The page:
The title encapsulates Trollope’s intentions. His is a novel about the clash between tradition and modernity at a time in which the first is only partially degraded and the second is unfettered in problematic ways. The Carbury family represents fading aristocracy. Lady Carbury (Cheryl Campbell) is a widow trying to maintain a façade of family respectability through writing very bad books that are (mostly) gently reviewed. It doesn’t help matters that she dotes on her son, Sir Felix (Mathew Macfayden), a veritable man-child who sponges money from his mother so he can dress like a dandy, drink like a fish, and gamble like a fool. Henrietta (Paloma Baeza) tries to warn her mother but Felix can do no wrong in her eyes. We quickly learn that many old families are in the same boat. They have titles, but no money.

Enter the Melmottes. Augustus is a foreign financier who moves his family and whatever it is he does to London and into a garishly appointed mansion in Grosvenor Square. He represents the nouveau riche who make money in industry, banking, and moving paper securities. He has money, but is oily, uncouth, and unrefined. (Scenes of he and his family eating look like they belong in Tom Jones, not Trollope.) He is also Jewish and Victorian society was decidedly anti-Semitic. The Melmottes are too rich to ignore, yet too crass for polite society. That is, until Melmotte decides to help underwrite a railroad envisioned by construction engineer Paul Montague (Cillian Murphy) that will run from Utah into Mexico.

We watch English nobility line up to invest with Melmotte, who promises them they will grow rich and solve their problems. Felix has another plan: feign his admiration for Melmotte’s daughter Marie (Shirley Henderson), marry her, and tap into the Melmotte fortune. If only he weren’t such an utter ass, he might have pulled it off, as Marie is deeply smitten with him.

There are lots of side stories, all of which by necessity are greatly truncated. The Longestaffes are also strapped for cash, which means their unmarried spoiled brat of a daughter Georgianna (Anne-Marie Duff) goes to live with the Melmottes and is courted by a much older banker Mr. Breghert (Jim Carter), who is also Jewish and thus threatens her place in society. Paul is in love with Henrietta, but she is courted by Paul’s best friend and Hetty’s cousin Roger (Douglas Hodge)–a classic triangle. Or should I say quadrangle? Although Paul is scrupulously honest in his work and smells a rat in Melmotte, he has not been forthcoming about his private life and the hold his former American lover (Miranda Otto) has on him. And, of course, the dissolute Felix has been dallying with Ruby Ruggles (Maxine Peake), a servant girl.

Can Melmotte buy his way into society, including a seat in Parliament, or is his a house of cards? Or is everyone dwelling among cardboard jokers? Transitional times in history are always fraught and Trollope teases out those threads. Alas, the series does not. Shortened though it is, there are 36 credited actors, so nuance has to go. Yates plays up the camp angle and some parts are funny, so much so that the edge is taken off of serious matters. Campbell chews scenery throughout and Mcfaydyen often seems to be playing Oscar Wilde rather than Felix Carbury. Anne-Marie Duff will get on your nerves, but not as much as Shirley Henderson, who may be my least favorite actress of all time. Her little girl voice and lack of articulation drove me up a wall, as did her channeling of a libidinous school girl.

These performances detract from the good: Suchet as an amoral conniver, Otto as an icy and sexy femme fatale, Hodge as a dignified frustrated courter, and Murphy as a man caught in the middle of things he cannot control. Yates and the series producer somehow won BAFTA (the British Emmys) Awards for the series. I can only conclude that 2001 wasn’t a good year for TV in the UK. Read the book.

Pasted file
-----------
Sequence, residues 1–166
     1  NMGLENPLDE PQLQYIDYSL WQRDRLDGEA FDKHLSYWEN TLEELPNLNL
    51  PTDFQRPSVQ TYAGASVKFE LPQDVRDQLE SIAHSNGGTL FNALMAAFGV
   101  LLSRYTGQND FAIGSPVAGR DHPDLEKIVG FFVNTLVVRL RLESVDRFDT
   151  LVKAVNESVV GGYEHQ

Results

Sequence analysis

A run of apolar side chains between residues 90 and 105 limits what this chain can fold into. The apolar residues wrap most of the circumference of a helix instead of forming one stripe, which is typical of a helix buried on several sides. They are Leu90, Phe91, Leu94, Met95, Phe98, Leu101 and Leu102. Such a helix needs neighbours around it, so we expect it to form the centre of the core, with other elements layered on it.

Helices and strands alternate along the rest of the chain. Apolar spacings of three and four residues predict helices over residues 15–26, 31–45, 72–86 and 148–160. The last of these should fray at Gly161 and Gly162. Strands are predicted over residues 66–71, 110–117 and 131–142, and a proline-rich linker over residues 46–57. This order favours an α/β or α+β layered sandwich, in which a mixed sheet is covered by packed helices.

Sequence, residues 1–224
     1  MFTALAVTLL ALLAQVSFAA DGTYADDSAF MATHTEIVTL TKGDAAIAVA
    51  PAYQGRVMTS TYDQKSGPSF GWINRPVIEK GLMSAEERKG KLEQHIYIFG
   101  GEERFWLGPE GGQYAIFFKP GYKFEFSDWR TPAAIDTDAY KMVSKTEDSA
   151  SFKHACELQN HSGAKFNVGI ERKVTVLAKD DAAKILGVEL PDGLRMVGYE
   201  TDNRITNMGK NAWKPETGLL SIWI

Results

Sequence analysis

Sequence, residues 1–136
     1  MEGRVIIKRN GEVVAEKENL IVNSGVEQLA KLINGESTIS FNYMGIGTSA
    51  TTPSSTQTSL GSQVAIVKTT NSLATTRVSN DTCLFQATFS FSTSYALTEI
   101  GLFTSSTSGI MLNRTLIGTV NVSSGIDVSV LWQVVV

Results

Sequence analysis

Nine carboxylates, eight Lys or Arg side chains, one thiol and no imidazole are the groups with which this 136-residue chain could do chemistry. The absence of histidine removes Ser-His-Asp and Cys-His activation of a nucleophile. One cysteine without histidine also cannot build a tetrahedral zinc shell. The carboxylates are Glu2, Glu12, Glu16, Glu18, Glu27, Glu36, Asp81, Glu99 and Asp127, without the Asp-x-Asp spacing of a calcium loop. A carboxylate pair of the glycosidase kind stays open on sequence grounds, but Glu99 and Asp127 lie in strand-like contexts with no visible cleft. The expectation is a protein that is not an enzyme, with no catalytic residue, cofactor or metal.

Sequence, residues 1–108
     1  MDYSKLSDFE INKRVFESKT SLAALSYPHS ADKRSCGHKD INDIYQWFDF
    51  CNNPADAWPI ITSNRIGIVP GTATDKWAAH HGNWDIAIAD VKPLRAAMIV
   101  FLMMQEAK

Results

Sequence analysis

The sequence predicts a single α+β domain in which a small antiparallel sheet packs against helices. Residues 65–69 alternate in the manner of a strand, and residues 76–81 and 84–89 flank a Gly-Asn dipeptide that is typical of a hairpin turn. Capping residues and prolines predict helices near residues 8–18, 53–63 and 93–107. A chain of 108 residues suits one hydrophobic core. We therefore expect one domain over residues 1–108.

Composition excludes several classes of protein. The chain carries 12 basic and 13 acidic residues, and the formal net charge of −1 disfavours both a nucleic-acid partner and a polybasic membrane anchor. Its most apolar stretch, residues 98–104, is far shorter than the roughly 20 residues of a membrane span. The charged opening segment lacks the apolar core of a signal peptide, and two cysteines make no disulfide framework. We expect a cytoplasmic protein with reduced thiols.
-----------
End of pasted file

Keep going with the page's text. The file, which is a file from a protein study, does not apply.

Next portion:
Rob Weir

7/1/20

R.I.P Carlos Ruiz Zafón



As if 2020 hasn’t been horrible enough, Spanish author Carlo Ruiz Zafón died in Los Angeles on June 19. He was just 55 and had been in the U.S. off and on since the 1990s working as a screenwriter. His was not a coronavirus death; he had colorectal cancer, but still….

Earlier this year I read The Labyrinth of the Spirits, the final selection in his magnificent Shadow of the Wind quadrilogy. I cannot conjure the name of an author writing in the 21st century whose works enthralled me as much or engaged my imagination to the degree that Zafón was able to do.

Zafón was born in Barcelona in 1965. That made him 26 years too young to recall any part of the Spanish Civil War (1936-39), which brought the Falangist (fascist) dictatorship of Francisco Franco to Spain. He had just turned 10 when Franco died in 1975. Like many Spaniards, especially Catalonians such as Zafón, the Civil War continued/continues to loom large in that slippery construct known as the collective unconscious. Catalonia was fiercely anti-Franco and often bore the brunt of oppression. If you’ve been to Barcelona and marveled over its vibrancy, know that most of it evolved after Franco’s death. Likewise, if you’ve followed the current political drama involving the desire of Catalonians to secede from Spain, it too is rooted in Falangist repression, including Franco’s decree banning the Catalan language. (Contrary to popular belief, Catalan is not a Spanish dialect, though it is a Romance language.)

Zafón’s Shadow of the Wind books all involve the Spanish Civil War, the dictatorship, and the semi-loosening of Falangist repression in the 1960s. Not much is more fraught with danger than a dictatorship seeking to “liberalize.” Where is the boundary between freedom of expression and ending one’s days being tortured in a castle dungeon? What generally occurs is that overt control gives way to self-imposed (but well-placed) paranoia. Zafón wrote about all of this, but wove the themes into fictional tales that centered on the Sempere family and their Barcelona bookshop, especially young Daniel Sempere and his mentor/sidekick/and sometimes dangerous older friend Fermin Romero de Torres. Fermin is, simply, one of the funniest and most outrageous characters in all of literature. Whenever things start to get too heavy, one of Fermin’s bodacious boasts force readers to laugh aloud.